To boost your chance of getting a job in an IT firm in Bangladesh, one should at least be a graduate in computer science or engineering. Nevertheless, there are also people of non-IT background working in I.T. companies. Some are self taught or have attended training courses.

These days "freelancing" has become a great source of income in Bangladesh. Freelancing involves offering your skills on a short term basis for quick pay. A great deal of freelancing is done on the internet by computer professionals as there a re numerous programming jobs available. Computer scientists are the best earners when it comes to freelancing jobs. In the last 3-4 years a significant number of people got involved in freelancing - most of them are computer engineers.

A big contributor to the advancement of I.T. in Bangladesh is the improvement of mobile technology (Android, IOS, Windows). This opened the door for making money through "apps" development. Android apps are very common in Bangladesh as around a third of the population use Android phones.  

I would say in Bangladesh today, computer professionals are having a great time in comparison to the other professions.

(this article was contributed by a guest writer: A. Rahman, a Computer Engineer in Bangladesh).


A day in the life of a Pharmacist - Bangladesh

I am a graduate pharmacist from Dhaka, Bangladesh. I completed my Bachelors and Masters degrees from Dhaka University. Pharmacy is a well respected profession in Bangladesh. Here, pharmacists are working in a wide range of industries such as in factories, pharmaceutical corporate offices, universities and government services. However, after my graduation I have chosen to work in the corporate office of a UK-based multinational pharmaceutical company.

On a typical work day, I start by checking my official mails and following up these on a priority basis. the rest of the day I am involved with any of:

  • Designing promotional materials for advertising and product promotion.
  • Doing sales analysis and pointing out poorly performing territories where urgent attention is required
  • Preparing presentations for the upcoming marketing or sales meetings
  • Training sales representatives on my assigned products
  • Closely work with other internal stakeholders like regulatory, medical, training, quality, HR or finance departments in some areas to facilitate some processes related to my assigned products.
  • Occasionally I do a random market visit to understand and get real insight from the market that helps in planning.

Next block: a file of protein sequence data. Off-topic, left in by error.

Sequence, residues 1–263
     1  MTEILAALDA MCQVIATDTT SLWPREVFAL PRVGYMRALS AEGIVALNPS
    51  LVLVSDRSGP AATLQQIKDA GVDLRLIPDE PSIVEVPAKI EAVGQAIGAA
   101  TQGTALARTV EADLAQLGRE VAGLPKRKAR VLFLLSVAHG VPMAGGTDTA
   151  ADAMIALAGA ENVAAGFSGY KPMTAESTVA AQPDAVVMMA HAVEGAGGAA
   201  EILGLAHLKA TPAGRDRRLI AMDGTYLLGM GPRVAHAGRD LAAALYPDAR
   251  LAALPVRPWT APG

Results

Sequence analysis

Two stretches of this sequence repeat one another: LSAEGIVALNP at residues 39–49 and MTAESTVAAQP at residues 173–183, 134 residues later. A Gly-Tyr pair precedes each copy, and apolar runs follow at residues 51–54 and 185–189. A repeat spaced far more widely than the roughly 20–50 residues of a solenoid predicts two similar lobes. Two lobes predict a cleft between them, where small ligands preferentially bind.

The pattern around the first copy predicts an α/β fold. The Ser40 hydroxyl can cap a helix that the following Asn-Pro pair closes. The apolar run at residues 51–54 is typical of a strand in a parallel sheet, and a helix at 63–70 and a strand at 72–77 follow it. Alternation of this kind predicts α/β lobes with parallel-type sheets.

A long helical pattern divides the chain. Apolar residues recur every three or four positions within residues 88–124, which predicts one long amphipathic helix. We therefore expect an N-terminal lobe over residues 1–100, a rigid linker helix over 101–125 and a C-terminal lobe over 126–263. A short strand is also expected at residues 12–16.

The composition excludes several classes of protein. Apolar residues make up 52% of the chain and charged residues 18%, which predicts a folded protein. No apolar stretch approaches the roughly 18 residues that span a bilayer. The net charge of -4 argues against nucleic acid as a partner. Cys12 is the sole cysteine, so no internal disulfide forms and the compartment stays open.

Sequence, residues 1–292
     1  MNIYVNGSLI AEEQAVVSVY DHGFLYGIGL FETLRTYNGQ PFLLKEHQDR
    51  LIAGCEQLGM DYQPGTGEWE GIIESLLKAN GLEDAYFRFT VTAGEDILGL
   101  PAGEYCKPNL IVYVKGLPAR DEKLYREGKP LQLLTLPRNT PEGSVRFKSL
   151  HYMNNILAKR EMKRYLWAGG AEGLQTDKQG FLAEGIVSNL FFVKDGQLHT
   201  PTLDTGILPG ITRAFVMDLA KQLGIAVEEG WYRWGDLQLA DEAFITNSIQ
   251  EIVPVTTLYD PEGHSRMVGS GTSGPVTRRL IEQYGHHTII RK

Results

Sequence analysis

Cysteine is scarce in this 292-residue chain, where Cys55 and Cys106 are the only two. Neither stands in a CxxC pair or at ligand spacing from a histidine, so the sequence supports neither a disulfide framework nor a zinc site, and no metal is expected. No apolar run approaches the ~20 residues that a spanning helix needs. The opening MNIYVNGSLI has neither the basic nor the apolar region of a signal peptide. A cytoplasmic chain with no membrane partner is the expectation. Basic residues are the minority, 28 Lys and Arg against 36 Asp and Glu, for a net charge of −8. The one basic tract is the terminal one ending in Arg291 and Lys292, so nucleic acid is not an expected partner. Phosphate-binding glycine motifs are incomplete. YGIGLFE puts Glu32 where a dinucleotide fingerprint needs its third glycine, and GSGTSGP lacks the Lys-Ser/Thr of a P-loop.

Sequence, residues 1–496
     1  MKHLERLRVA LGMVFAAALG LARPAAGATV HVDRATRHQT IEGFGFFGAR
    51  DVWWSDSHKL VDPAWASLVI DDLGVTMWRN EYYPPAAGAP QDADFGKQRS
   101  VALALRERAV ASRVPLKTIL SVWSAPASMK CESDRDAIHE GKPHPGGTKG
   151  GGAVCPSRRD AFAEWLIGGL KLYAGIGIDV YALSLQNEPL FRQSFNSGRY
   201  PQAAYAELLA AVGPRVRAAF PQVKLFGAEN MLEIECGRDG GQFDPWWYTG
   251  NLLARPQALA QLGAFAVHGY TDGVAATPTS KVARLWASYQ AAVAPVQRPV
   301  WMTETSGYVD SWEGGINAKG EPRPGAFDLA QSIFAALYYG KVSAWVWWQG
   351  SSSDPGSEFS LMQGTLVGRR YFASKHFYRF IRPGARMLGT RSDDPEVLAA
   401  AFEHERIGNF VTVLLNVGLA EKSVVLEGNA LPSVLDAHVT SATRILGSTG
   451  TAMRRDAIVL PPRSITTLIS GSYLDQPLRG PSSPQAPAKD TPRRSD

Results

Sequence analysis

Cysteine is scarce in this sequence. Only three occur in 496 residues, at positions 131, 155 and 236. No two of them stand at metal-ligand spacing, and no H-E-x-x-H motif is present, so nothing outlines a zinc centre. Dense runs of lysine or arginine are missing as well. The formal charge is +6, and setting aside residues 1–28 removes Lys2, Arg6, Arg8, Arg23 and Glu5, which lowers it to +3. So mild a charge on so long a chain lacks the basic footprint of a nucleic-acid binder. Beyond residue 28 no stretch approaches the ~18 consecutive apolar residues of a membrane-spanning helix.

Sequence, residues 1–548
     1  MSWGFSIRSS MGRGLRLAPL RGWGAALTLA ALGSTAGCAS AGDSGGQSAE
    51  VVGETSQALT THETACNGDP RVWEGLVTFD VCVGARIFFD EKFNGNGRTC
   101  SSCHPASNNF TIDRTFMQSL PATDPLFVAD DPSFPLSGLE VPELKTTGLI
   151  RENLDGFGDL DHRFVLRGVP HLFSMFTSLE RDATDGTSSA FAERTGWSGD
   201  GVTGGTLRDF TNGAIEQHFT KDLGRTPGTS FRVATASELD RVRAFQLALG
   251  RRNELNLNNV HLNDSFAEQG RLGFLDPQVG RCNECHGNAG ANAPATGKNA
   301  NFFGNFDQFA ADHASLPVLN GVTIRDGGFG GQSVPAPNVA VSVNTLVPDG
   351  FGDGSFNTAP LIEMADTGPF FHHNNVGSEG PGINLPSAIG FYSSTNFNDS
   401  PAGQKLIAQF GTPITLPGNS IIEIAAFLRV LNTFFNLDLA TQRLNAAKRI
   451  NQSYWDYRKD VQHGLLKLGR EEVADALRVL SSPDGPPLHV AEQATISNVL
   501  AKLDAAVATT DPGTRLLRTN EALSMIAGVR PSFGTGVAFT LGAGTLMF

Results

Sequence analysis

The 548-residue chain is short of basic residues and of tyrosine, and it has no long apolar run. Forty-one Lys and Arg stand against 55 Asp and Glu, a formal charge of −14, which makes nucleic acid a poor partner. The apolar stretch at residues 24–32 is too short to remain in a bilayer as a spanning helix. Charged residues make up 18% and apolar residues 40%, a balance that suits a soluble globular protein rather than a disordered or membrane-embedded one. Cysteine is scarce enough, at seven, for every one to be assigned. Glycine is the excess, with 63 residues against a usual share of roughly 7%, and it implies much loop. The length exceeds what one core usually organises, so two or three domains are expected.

Getting this job was by no means an easy task! More than 500 applicants applied for this job. Some were either qualified pharmacists (mostly) or doctors. Among them, 12 applicants had been called for an initial interview and presentation. 3 applicants including me were selected from this pool for the final interview with the commercial director of the company. I was lucky enough to get the job because only one candidate was selected finally, and it was me.

As per the company policy, I went through some medical tests and preparatory training to judge my physical and mental fitness for this job. After joining as a product executive, I was a probationary employee for 9 months. It has been almost 3 years today since my joining. Currently, I am working in the marketing department as a senior product executive. I work 9.00 am to 6.00 pm to make my medicine brands grow.

There are several pharmaceutical product executive jobs being advertised here every month. But the competition has grown much stronger. Employers usually expect applicants to have B.Pharm/ M.Pharm/ MBBS degree. However, they also look out for an MBA in addition to those medical degrees. MBA qualified pharmacist are more preferred.

Employers usually offer 25,000 - 28,000 BDT/month to applicants with no prior experience which equals to $266.66 - $373.33 USD/month (75 BDT=1 USD as at Oct 2014). These employees will get $450 - $550 USD/month with 2/3 years of job experience. Adding to that, every employee working in a pharmaceutical company enjoys minimum 2 festival bonuses and one profit bonus after the end of the year. This amount varies widely from company to company. Salaries are very low here compared to other developed places in the world but living costs in Dhaka are cheap too.

(this article was contributed by a guest writer: S. Saha, a pharmacist in Bangladesh).